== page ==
Malfunctioning of the protein leucine-rich repeat kinase 2 (LRRK2) is a common genetic cause of Parkinson’s disease (PD). LRRK2 is a very large and complex protein, and insight into the exact function of this protein can help devise an effective strategy to develop novel drugs. Nanobodies are small, stable protein fragments derived from a special type of antibodies that form excellent tools to examine such complex dynamic proteins. We previously identified nanobodies targeting LRRK2.
A full biochemical and structural characterization of these nanobodies will be crucial to guide their development into tools to probe the structure, function and biology of LRRK2.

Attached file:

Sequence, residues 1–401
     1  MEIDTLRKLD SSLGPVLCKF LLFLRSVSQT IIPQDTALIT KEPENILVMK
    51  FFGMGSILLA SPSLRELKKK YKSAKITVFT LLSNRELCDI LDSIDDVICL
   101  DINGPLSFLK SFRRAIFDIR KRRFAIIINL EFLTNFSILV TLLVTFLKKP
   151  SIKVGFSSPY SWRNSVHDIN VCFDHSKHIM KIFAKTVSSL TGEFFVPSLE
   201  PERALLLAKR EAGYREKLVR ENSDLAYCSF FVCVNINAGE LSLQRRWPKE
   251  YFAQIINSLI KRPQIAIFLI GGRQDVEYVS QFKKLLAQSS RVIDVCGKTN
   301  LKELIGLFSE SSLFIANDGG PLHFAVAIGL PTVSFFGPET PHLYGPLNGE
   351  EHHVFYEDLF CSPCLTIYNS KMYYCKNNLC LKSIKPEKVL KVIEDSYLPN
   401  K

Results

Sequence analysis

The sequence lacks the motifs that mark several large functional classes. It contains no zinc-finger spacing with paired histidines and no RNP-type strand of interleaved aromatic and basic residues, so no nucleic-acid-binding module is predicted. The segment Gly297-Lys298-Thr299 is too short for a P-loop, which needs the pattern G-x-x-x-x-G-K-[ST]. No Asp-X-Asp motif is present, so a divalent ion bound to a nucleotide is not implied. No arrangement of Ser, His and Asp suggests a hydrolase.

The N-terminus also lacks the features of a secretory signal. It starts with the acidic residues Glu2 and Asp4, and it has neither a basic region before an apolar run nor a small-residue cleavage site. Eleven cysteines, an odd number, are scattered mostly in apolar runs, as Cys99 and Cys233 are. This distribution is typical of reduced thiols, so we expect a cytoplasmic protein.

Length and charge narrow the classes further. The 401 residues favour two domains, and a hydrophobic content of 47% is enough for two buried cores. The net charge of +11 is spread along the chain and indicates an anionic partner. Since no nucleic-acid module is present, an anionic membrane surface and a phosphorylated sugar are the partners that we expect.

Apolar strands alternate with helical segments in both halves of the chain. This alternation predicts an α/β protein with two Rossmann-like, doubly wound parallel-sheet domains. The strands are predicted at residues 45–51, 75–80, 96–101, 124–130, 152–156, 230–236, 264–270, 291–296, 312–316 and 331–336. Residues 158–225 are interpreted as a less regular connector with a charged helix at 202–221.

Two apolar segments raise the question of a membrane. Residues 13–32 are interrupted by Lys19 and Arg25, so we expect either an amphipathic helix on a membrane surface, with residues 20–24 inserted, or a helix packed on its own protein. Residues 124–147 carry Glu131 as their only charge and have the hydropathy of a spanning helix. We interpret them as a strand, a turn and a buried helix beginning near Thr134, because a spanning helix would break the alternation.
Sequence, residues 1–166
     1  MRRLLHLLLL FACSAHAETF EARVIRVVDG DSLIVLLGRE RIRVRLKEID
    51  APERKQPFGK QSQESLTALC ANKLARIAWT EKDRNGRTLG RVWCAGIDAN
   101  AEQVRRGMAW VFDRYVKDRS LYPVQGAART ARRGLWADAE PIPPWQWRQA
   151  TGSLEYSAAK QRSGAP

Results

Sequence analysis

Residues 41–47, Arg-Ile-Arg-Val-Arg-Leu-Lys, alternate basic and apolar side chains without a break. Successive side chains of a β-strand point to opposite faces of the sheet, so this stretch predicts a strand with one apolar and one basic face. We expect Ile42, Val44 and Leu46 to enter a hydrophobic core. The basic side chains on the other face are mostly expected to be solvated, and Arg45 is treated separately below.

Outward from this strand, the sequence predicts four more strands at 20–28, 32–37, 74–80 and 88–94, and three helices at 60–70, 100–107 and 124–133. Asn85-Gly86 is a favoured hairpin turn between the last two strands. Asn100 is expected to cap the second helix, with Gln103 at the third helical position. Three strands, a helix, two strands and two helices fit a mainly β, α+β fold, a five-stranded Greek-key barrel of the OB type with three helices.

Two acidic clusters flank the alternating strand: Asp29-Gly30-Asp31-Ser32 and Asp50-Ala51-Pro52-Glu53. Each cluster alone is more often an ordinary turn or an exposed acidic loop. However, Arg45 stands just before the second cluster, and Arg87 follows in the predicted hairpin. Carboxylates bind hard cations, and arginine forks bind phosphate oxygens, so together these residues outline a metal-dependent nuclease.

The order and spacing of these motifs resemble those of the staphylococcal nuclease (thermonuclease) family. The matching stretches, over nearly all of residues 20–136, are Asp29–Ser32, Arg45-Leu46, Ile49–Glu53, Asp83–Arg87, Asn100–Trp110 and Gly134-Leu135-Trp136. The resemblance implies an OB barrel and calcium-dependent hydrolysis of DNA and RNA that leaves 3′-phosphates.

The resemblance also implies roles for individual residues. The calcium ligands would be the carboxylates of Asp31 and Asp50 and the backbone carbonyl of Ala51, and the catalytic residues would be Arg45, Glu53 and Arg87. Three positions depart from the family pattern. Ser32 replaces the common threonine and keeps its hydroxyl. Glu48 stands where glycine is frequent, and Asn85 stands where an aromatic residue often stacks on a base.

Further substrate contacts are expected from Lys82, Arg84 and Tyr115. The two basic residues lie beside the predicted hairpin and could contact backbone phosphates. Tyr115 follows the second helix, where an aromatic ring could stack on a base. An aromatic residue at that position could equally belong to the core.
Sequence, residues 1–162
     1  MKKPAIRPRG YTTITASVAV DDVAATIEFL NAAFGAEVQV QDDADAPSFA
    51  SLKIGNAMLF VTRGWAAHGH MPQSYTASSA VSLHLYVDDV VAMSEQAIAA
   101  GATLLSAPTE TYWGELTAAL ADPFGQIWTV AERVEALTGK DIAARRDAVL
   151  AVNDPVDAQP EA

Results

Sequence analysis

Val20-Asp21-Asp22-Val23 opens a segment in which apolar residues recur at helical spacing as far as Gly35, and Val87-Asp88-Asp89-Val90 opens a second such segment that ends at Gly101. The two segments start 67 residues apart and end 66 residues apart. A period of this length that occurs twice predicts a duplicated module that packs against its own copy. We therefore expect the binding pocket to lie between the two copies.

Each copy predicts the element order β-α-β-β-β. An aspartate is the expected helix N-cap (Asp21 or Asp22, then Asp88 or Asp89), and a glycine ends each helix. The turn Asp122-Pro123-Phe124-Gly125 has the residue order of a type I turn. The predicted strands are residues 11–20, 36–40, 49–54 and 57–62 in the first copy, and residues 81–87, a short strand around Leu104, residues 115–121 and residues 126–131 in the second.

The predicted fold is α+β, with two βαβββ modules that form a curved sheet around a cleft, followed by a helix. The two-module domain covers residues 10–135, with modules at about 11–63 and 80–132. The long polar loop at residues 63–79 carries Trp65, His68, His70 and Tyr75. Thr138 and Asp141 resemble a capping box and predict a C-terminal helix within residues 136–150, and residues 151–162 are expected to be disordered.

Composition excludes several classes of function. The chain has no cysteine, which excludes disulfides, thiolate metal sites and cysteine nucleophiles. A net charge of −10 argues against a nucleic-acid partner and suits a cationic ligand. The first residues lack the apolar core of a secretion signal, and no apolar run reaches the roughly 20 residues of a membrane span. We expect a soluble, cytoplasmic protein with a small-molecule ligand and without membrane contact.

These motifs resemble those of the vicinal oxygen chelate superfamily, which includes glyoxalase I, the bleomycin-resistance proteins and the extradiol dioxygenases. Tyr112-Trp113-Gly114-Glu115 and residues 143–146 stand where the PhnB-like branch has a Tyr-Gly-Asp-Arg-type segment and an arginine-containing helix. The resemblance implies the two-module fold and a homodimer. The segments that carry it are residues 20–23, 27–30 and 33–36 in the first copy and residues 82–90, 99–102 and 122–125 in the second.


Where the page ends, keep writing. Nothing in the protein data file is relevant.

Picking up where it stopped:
Nanobodies bind to their target proteins with a range of different affinities and specificities. Moreover, the binding affinity of a nanobody for LRRK2 can also depend on the 3-dimensional conformation of LRRK2. Using a variety of biochemical and biophysical methods we will investigate how strong the nanobodies bind to LRRK2 and we will study their influence on LRRK2 activity. Finally, using techniques that allow to resolve the three-dimensional structure of proteins up to atomic details, we will visualize how and where exactly the nanobodies bind.
Next Steps for Development:
The full biochemical and structural characterization of LRRK2 nanobodies as envisioned in this project will be used to develop these nanobodies into very potent instruments to study the structure and mechanism of LRRK2 in vitro, which can subsequently be used to discover new drugs targeting LRRK2. Moreover, we will also use these nanobodies as tools to study the distribution, functioning and biology of LRRK2 in cells and in vivo.